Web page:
I’m not sure quite what to think about Senator Rand Paul. I’ve been a fan of many of his positions since he was elected to the Senate and I usually feel like he’s got a good, common sense approach to many of today’s most troubling issues. But he did not sound like a person with a clear grasp of the situation when he said last week that GOP hawks were responsible for the creation of ISIS. He has since backtracked somewhat on that statement but even his clarification leaves a lot to be desired when we are talking about someone who wants to become the leader of the free world.
I was already questioning Senator Paul’s ability to lead this country when I found out earlier this month the he was one of five GOP Senators that shamelessly prevented Senator David Vitter from uncovering the truth behind who had fraudulently exempted Congress from Obamacare requirements that enabled Congressional staff members to qualify for subsidies that they clearly should not have been able to get. The whole deal smelled of hypocrisy, deceit and the type of business-as-usual Washington backdoor agreements that Senator Paul is usually protesting. To think that he was one of the primary instruments holding up the investigation of the fraud led me to feel like I couldn’t trust Rand Paul to look after the interests of average people instead of the needs of the Washington establishment. If I can’t trust Senator Rand Paul, then how could I trust a President Rand Paul?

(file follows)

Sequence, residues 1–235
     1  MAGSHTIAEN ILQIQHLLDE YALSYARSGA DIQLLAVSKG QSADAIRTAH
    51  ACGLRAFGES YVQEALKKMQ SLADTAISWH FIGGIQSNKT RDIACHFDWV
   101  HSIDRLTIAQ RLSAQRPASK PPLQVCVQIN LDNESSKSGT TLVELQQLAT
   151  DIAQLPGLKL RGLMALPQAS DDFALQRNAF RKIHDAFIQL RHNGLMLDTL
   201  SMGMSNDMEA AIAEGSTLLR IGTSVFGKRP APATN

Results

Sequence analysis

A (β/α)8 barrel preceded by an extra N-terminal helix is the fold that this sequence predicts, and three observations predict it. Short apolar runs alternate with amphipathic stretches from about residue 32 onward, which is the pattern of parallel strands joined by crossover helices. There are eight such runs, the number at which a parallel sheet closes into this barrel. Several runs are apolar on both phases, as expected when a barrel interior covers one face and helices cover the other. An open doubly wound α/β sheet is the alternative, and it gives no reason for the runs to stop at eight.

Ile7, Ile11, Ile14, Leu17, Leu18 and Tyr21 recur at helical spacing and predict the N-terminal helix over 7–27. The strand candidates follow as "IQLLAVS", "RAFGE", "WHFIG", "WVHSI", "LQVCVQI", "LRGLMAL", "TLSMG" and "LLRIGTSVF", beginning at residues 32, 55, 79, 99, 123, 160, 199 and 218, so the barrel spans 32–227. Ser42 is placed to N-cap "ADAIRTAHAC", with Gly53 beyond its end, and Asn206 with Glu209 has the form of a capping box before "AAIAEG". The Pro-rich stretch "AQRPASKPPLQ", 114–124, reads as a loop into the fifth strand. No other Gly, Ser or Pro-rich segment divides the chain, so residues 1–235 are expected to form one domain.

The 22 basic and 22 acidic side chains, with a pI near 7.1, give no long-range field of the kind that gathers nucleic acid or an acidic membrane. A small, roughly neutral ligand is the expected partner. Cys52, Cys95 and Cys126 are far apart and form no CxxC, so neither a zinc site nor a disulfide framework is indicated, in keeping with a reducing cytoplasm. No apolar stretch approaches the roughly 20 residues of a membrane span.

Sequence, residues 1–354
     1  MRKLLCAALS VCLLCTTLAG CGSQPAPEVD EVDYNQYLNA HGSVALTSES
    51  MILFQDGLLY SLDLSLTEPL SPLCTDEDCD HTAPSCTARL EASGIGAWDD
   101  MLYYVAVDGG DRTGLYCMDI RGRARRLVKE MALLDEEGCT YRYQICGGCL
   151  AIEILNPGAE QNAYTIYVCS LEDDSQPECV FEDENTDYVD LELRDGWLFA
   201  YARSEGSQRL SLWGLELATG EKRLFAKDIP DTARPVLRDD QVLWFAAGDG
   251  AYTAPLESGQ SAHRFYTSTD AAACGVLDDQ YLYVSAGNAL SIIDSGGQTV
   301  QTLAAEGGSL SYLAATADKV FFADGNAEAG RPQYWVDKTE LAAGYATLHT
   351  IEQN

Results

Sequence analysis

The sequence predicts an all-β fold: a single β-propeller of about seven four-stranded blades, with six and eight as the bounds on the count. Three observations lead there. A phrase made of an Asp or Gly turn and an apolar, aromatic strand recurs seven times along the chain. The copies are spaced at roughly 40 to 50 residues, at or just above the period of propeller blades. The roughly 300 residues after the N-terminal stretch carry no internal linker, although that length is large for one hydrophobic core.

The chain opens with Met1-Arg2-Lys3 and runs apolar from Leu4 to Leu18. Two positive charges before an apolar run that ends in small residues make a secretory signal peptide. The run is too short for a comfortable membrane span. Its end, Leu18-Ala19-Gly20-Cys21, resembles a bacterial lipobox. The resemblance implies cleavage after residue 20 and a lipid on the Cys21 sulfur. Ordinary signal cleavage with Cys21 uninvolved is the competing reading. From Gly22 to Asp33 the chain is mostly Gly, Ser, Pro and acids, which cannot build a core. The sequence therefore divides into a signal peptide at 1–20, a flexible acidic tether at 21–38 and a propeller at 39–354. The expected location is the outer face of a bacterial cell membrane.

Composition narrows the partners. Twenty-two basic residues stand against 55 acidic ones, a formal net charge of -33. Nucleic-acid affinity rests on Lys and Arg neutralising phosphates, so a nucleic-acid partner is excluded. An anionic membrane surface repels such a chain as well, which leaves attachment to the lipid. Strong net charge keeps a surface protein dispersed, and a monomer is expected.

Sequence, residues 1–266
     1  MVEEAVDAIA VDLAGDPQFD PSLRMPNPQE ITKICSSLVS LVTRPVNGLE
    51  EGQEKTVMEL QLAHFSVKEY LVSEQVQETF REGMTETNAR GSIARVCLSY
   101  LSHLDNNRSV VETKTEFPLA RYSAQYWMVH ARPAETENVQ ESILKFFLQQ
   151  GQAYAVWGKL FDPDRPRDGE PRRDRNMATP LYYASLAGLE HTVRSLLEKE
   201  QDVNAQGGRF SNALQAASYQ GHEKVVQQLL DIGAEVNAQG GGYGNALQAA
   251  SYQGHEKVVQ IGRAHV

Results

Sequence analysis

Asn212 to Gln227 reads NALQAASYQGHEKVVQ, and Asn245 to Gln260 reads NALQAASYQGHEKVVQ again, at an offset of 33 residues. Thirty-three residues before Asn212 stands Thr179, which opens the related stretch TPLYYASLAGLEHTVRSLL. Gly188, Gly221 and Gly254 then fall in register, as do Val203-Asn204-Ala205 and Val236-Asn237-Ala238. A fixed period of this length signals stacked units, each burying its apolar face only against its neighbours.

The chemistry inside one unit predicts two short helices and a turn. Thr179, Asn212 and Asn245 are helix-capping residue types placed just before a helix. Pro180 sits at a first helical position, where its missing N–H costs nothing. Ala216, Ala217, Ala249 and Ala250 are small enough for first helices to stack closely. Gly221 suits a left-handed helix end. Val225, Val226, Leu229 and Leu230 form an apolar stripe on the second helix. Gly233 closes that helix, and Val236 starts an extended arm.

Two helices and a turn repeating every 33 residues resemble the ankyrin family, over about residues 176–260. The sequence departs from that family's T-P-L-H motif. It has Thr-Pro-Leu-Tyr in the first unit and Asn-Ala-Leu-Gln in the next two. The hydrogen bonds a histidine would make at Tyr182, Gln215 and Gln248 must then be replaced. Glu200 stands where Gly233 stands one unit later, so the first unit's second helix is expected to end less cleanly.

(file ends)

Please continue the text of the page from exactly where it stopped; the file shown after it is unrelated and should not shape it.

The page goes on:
Maybe that’s not being entirely fair to Senator Paul. He did just stand up against fellow Senators from both sides of the aisle against a renewal of the Patriot Act, a law I’ve always thought gave the government a bit too much power. When someone has the conviction to stand up for what they believe in regardless of party, that is to be respected. I guess the truest thing you can say about Senator Rand Paul is that he is not as easy to fit into any particular political or philosophical box. And that puts him above most of his Senate colleagues.